The Crimean Knot
No. 2 2014 April/June
Andrey Malgin

Andrei Malgin, Ph.D. in Philology, is a historian and political analyst, member of the expert council with the Council of Ministers of the Crimean Republic.

What Caused the 2014 Russian Spring

When the Ukrainian crisis and standoff in Kiev’s Independence Square peaked in early 2014, not a single political expert in Crimea, Kiev, Moscow, or Washington could have predicted that in a mere six to eight weeks events would unfold as they did. Unlike Transdniestria, Abkhazia, or South Ossetia, Crimea was not a long-festering conflict zone. Crimean problems were dealt with through the political process with a consensus of main actors who had ideas regarding the configuration of post-Soviet borders. And yet Crimea turned out to be the pivot of instability where fundamental geopolitical shifts took place. Although the root causes of those shifts belong to the realm of global politics and to the relationship between Russia and the West, the situation in Crimea is crucial to understanding why Russian President Vladimir Putin’s strategy has proven for the most part to be realistic.


When Ukraine became an independent country after the collapse of the Soviet Union in 1991, the Crimean peninsula was in a precarious position. In 1952, Soviet leader Nikita Krushchev had taken the region away from the Russian Soviet Socialist Federative Republic and handed it to Ukraine. In 1991, over 60% of Crimea’s two million inhabitants were ethnic Russians. Yet a majority of Ukrainians living in Crimea were Russian speakers who identified more with Russian culture than Ukrainian. Although a majority of Crimeans favored the idea of Ukrainian independence (not an overwhelming majority, just slightly more than 50%, as the referendum on 1 December 1991 clearly showed), Crimean society was cautious about some trends in the new Ukrainian state. For instance, the decision to make Ukrainian the only official language and plans to sever economic and cultural ties with Russia (on the pretext of overcoming dependence) expressed by a number of Ukrainian politicians at the time.

Therefore, it is not surprising that in January 1991, in the last months of the Soviet Union, one and half million people living in Crimea, or 90% of its population, voted to restore Crimean autonomy in a referendum held by the Crimean Communist authorities.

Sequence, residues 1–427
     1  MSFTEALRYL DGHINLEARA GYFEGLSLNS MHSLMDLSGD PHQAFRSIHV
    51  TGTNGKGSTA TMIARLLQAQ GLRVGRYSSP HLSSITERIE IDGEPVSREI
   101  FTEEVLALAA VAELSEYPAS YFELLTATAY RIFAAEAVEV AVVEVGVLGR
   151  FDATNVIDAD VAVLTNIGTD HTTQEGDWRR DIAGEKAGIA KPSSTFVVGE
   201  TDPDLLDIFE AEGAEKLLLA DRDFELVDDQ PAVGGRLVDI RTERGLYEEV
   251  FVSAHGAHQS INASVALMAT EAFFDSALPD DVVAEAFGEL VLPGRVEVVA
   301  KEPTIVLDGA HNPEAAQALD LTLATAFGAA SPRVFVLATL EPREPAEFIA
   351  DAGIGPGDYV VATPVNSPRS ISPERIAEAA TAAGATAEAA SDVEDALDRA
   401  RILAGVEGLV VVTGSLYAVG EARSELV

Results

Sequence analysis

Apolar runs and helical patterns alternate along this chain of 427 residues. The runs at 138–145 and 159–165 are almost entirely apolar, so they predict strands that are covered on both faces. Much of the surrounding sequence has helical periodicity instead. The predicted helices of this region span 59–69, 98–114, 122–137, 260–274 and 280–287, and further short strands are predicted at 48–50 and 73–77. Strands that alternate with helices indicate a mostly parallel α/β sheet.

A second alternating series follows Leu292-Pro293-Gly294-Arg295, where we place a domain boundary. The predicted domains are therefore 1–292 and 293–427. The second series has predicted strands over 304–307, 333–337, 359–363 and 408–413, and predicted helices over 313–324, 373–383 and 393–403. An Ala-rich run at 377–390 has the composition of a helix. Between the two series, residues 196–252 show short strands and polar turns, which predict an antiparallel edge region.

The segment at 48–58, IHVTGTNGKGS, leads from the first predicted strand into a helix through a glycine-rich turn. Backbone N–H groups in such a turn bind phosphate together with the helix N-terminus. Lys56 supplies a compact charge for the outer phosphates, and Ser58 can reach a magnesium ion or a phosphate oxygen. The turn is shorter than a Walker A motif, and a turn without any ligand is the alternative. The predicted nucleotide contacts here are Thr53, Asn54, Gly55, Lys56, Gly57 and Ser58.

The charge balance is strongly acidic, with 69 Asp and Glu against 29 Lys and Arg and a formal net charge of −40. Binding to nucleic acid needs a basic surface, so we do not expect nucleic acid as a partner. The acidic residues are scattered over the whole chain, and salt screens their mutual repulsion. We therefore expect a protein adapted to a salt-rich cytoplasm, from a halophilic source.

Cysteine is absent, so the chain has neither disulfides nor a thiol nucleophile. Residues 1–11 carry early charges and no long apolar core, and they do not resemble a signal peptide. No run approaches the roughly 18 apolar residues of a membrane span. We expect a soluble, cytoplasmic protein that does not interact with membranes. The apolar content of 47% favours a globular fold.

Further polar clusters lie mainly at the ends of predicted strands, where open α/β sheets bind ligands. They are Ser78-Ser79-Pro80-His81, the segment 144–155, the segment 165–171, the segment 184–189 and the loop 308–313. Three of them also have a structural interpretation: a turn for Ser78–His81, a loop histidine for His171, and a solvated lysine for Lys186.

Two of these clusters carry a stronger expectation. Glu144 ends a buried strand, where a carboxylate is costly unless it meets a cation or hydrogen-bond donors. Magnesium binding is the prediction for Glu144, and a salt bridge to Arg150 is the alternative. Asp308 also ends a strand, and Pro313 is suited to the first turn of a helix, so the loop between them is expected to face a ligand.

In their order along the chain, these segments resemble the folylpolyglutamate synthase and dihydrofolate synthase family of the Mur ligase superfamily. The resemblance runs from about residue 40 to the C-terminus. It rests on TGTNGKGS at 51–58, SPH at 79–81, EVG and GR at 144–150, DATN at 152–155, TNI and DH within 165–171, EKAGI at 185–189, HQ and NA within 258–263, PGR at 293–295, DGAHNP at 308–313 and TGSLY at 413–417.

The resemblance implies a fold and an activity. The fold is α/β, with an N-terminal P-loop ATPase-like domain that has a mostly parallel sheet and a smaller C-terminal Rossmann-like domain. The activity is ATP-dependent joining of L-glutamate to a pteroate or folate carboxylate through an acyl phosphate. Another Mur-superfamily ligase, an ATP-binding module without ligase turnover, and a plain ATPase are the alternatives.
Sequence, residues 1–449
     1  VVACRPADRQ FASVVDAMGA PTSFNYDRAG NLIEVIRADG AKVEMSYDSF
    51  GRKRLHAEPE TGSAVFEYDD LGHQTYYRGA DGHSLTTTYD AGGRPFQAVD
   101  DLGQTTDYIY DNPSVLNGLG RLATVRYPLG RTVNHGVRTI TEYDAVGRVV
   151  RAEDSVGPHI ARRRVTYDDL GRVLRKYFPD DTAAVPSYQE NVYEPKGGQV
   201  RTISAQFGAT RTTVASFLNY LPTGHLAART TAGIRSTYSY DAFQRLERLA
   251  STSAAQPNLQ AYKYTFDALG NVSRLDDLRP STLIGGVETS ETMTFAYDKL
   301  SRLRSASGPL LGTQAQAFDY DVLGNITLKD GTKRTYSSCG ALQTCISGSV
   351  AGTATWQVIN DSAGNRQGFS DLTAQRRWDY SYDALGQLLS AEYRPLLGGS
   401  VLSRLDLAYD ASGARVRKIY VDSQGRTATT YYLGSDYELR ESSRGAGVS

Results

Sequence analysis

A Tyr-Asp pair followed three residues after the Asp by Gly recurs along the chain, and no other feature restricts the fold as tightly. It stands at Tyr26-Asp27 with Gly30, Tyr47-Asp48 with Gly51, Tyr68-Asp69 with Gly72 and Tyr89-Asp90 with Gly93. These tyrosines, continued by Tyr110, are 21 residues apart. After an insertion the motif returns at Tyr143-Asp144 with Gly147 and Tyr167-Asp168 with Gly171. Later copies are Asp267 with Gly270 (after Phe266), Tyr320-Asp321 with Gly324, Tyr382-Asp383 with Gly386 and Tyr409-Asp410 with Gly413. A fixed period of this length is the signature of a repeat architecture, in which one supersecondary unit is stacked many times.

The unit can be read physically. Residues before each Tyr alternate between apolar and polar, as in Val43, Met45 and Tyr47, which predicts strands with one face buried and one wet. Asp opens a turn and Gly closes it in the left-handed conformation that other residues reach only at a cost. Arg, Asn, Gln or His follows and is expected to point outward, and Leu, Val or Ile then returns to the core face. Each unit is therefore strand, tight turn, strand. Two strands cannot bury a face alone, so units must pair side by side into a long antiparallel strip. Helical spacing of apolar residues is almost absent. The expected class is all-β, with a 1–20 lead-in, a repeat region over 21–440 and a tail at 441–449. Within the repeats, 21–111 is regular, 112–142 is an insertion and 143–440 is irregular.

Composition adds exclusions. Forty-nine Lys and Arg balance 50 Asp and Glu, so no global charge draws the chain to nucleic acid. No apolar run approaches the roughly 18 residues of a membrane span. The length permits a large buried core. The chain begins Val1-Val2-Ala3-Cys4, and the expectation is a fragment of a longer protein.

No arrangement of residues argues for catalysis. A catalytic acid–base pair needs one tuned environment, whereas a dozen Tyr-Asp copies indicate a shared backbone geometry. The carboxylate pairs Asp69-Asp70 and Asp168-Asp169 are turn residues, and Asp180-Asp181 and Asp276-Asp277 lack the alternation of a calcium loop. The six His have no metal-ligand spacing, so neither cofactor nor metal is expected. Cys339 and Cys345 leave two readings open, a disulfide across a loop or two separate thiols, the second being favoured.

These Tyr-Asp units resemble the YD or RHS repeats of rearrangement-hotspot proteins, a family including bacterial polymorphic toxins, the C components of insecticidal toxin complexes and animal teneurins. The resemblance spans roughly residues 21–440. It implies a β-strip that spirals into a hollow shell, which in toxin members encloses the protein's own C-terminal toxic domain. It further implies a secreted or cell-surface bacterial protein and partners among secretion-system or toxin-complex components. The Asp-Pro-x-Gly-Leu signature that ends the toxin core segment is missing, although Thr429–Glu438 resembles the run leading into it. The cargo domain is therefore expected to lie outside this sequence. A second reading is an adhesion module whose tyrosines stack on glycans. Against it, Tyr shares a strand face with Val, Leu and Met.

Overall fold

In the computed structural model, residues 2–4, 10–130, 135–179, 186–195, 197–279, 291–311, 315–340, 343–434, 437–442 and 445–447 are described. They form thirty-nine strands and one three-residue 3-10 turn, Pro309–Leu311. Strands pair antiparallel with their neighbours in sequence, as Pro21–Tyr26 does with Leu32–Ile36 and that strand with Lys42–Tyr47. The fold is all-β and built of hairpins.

With the breakup of the Soviet Union, a powerful movement gained momentum in Crimea whose goal was to expand the autonomy’s rights and to reintegrate Ukraine with Russia within the CIS. A number of local parties backed that movement, including the Communists, the Republicans, and various Russian organizations. In May 1992, the Republic of Crimea adopted a Constitution that stipulated for a large degree of regional independence. The Rossiya election bloc won the 1994 elections. Its leader, Yuri Meshkov, had become Crimea’s president shortly before the elections. But his erratic activities and pro-integration and pro-Russian rhetoric posed quite a few problems for Kiev.

The central authorities in Simferopol and Kiev sorted things out amid soaring tensions between Russia and Ukraine over the future of the former Soviet Black Sea Fleet. At first, under CIS agreements it was implied that control of the “strategic forces” (and Russia certainly regarded the Black Sea Fleet as strategic) would be decided in a special way. However, it soon emerged that Ukraine and Russia understood the term “strategic forces” differently. The Ukrainian Defense Ministry made a haphazard attempt to take over the Black Sea Fleet only to run into strong resistance from the Fleet’s commander Admiral Igor Kasatonov. In fact, Kasatonov forced Russian President Boris Yeltsin to intervene and a protracted process began to separate the Black Sea Fleet, which was extremely complex and fraught with surprises. For Ukraine, the Crimean issue was closely linked with the Black Sea Fleet, because “Crimean separatism” was not an issue on its own, but it gained momentum in combination with potential Russian intervention. Throughout the 1990s, the Kremlin showed very little interest in Crimea. Major territorial problems in the Caucasus and internal political struggles limited Russia’s opportunities to press for its interests on the Black Sea.